On December 23, Dayamrita held a question and answer session for residents and visitors. The program was held in a building called Shanti Mandiram. I had never heard of that building. I was astounded to find out it is a huge building next to the place where the brahmacharinis (female monks) live. The building had apparently been under construction for years and has been in use for about three years. All of the silent retreats are being held there.
How could a building have been built so close to the main ashram and I had never seen it? I’m still having trouble believing it.
On the 23rd, I found the building and walked up to the third floor. The room was big; but so was the attendance. There were Amma devotees from many different countries as well as both Indian and Western ashram residents.
Br. Dayamrita answered many questions. He also told many stories. I thoroughly enjoyed myself and was so glad that I attended the session.
Christmas Eve program
In Amritapuri, the big Christmas celebrations are held on Christmas Eve. They consist of cultural performances, Amma’s Christmas message, singing and distribution of Christmas cake. They usually start late and aren’t over until around 2 a.m. Since I work in the cafe at 7:30 a.m. I knew I couldn’t stay the whole time. I had decided to leave after the first three cultural performances.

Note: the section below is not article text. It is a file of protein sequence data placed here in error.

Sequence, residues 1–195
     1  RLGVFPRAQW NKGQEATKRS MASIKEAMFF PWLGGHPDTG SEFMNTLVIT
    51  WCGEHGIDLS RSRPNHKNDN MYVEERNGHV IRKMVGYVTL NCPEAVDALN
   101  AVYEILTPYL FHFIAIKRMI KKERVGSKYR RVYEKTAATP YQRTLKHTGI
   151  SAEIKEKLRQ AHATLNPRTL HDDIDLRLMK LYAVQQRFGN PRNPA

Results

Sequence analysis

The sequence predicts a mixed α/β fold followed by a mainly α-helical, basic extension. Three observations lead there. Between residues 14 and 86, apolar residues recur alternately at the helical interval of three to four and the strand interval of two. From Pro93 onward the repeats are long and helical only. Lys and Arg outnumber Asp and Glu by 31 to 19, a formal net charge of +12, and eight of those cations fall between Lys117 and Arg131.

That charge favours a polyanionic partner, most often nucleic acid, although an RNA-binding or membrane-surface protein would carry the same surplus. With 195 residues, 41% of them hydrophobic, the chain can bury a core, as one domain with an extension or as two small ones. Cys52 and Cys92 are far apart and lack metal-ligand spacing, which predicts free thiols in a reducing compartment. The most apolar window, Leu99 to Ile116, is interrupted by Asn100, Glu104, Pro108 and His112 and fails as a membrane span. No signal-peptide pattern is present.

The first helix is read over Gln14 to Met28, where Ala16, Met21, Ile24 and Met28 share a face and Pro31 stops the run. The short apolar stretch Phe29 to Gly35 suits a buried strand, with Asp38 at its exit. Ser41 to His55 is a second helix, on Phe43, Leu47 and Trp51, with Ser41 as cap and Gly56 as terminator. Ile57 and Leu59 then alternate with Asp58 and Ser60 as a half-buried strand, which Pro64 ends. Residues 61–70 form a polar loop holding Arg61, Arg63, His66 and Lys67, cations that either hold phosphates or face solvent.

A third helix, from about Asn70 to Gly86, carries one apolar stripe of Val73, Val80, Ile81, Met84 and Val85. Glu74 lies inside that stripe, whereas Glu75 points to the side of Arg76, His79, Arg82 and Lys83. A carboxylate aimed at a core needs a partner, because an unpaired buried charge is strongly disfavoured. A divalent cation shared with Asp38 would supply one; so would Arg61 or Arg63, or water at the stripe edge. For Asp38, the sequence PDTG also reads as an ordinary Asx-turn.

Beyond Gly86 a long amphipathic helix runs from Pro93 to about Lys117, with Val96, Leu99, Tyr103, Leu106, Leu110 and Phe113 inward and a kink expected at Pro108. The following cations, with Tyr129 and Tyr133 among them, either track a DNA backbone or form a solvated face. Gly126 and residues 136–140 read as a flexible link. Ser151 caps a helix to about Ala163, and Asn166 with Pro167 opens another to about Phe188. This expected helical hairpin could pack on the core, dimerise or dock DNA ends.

The program starts when Amma comes. She led the evening bhajan (singing) program from 6:30 to 8:15 p.m. and we had dinner after that. Amma was expected to arrive for the Christmas program around 10 p.m. but came just before 9:30!
I was very happy about her early arrival because it meant I would be able to watch more of the performances. I ended up staying for all of them; they were wonderful. There was a shadow puppet show, a choir, a salsa dance, Indian traditional and non-traditional dances, a flamenco dancer, a dance called Mother’s Prayer and more. There was also a beautiful performance centered around Hanukkah. One of my favorite parts of the program was the finale. The singing and dancing that occurs when all of the groups come on stage together is always so joyous.
I went back to my room after the performances but wasn’t able to get to sleep. I could hear the sounds of fun coming from the hall. It was all I could do to keep myself from getting dressed and going back to the auditorium. I feel sad about what I missed but know I made the correct decision for me.
I don’t have Christmas program photos to share with you but you can read more about the evening and see photos at: https://www.amritapuri.org/76453/19xmas.aum